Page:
COPD is common in patients undergoing percutaneous coronary intervention (PCI), but its association with outcomes following PCI has received only limited study. The effects of COPD severity on outcomes after PCI are not known.
We conducted a retrospective cross-sectional analysis of prospectively acquired data in 14,346 consecutive patients enrolled in the Mayo Clinic PCI registry. Patients with COPD were identified by International Classification of Diseases, 9th edition, coding and pulmonary function test (PFT) results. Outcomes of COPD vs non-COPD cohorts were compared.
The COPD group included 2,001 patients (72% men) aged 70 ± 10 years, and the non-COPD group included 12,345 patients (70% men) aged 66 ± 12 years. In the follow-up period after PCI (median, 4.1 years; interquartile range, 1.9-7.0 years), the patients with COPD experienced a significantly higher incidence of all-cause mortality (P < .0001), cardiac mortality (P < .0001), and myocardial infarction (MI) (P < .0001) than the patients without COPD. Additionally, severity of COPD was associated with increased mortality after PCI (P < .0001). In a multivariate analysis, COPD presence and severity remained significant risk factors for mortality (P < .0001), cardiac mortality (P < .0001), and occurrence of MI after PCI (P < .0001).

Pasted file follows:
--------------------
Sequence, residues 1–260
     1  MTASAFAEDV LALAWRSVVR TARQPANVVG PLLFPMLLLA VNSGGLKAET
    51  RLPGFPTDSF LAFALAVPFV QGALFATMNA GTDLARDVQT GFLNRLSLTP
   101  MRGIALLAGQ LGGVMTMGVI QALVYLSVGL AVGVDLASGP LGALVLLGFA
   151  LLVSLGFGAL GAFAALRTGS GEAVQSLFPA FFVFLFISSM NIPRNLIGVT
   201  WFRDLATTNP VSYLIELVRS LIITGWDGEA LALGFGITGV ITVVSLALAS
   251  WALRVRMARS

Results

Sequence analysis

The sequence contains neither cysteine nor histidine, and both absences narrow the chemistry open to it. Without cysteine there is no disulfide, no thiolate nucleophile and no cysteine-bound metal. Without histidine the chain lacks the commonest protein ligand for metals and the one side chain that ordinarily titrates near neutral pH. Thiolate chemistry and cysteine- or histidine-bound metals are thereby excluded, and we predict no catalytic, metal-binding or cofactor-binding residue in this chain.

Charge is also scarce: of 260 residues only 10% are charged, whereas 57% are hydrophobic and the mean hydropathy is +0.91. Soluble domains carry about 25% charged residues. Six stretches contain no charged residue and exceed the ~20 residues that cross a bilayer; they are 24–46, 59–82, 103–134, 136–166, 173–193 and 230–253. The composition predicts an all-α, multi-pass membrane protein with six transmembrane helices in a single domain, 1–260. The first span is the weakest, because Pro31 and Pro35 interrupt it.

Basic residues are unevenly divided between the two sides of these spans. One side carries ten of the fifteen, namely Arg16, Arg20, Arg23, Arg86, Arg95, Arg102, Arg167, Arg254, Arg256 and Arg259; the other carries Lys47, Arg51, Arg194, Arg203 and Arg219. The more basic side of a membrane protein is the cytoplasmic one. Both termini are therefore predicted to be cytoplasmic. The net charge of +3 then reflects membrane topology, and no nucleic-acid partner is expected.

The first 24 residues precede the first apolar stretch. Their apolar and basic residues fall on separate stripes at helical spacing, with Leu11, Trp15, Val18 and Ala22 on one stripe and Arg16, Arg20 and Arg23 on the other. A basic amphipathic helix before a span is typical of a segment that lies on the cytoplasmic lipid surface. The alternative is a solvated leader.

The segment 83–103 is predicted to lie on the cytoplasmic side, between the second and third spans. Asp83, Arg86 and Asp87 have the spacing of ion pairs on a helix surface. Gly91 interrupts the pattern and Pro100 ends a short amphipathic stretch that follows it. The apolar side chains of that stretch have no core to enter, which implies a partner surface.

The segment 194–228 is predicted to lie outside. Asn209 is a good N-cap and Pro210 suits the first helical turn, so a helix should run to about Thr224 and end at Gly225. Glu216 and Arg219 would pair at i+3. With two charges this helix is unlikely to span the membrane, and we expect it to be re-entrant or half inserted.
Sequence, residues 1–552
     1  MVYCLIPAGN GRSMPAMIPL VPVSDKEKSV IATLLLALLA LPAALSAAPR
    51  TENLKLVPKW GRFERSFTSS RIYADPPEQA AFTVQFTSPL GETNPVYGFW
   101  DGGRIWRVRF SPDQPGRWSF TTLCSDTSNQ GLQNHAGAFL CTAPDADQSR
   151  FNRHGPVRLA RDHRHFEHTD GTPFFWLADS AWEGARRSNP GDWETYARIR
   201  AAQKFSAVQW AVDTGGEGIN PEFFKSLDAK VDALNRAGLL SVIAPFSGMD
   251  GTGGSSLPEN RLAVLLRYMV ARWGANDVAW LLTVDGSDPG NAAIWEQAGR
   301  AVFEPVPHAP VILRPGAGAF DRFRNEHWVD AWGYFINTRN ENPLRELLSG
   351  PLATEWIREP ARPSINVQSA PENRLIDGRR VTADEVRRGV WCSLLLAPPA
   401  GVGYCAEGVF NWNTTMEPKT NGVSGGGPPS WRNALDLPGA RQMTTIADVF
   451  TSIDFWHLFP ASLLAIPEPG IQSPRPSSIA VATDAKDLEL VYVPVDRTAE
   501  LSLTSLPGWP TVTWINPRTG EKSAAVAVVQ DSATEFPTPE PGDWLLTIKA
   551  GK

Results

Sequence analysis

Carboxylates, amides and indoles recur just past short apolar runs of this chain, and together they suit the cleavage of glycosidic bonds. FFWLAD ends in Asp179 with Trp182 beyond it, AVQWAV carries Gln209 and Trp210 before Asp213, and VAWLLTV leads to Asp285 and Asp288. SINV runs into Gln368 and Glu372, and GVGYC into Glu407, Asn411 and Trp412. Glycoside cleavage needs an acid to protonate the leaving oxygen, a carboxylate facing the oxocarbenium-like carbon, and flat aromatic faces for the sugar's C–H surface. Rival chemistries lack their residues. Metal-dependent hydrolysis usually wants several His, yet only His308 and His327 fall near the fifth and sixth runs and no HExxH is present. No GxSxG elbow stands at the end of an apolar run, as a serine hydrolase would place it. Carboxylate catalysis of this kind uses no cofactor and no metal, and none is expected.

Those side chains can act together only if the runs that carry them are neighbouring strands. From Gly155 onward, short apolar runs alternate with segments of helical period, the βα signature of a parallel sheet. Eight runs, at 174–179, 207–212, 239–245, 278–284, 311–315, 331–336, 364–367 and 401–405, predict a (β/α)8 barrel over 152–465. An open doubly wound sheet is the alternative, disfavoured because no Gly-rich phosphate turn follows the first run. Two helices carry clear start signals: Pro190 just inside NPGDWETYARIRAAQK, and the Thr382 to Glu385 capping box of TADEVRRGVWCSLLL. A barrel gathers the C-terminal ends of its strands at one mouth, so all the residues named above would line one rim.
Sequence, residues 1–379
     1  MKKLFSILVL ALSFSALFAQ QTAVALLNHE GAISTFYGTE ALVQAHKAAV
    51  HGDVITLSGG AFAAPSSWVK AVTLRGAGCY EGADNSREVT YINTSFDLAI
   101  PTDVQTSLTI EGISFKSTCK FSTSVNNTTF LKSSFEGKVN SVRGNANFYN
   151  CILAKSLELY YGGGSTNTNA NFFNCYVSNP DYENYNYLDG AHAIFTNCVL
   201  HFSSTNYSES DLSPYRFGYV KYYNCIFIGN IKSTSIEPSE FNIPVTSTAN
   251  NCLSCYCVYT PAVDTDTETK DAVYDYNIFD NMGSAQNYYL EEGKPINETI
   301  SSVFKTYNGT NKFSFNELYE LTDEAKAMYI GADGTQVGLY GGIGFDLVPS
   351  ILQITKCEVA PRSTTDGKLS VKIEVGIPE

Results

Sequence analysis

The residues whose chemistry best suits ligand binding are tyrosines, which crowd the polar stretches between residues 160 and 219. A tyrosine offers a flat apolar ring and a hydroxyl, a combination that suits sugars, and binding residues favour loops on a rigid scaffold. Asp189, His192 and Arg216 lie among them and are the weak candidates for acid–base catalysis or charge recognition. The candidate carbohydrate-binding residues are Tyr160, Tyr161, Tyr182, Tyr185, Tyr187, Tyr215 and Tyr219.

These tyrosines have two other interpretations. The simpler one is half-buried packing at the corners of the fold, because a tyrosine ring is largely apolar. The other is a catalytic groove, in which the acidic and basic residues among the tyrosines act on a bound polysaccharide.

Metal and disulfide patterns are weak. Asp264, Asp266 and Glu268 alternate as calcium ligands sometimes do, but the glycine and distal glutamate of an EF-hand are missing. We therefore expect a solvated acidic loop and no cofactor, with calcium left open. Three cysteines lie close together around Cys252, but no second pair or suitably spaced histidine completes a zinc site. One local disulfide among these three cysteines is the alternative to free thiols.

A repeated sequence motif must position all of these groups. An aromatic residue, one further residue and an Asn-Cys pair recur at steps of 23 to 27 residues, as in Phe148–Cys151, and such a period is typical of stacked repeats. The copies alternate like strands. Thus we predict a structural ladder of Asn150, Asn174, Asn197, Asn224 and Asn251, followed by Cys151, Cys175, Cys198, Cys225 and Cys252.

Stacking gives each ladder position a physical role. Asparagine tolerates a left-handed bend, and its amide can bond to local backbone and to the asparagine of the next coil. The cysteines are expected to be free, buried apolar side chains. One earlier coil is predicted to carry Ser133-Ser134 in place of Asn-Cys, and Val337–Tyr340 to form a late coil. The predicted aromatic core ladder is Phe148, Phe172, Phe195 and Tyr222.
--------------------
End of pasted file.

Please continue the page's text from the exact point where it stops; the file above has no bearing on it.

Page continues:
COPD is associated with significantly increased overall long-term mortality, cardiac mortality, and occurrence of MI in patients undergoing PCI. Increasing severity of COPD as measured by PFT is associated with decreased survival after PCI. Screening for COPD in patients undergoing PCI could contribute importantly to risk stratification, identifying patients needing closer follow-up and optimizing targeted therapeutic interventions.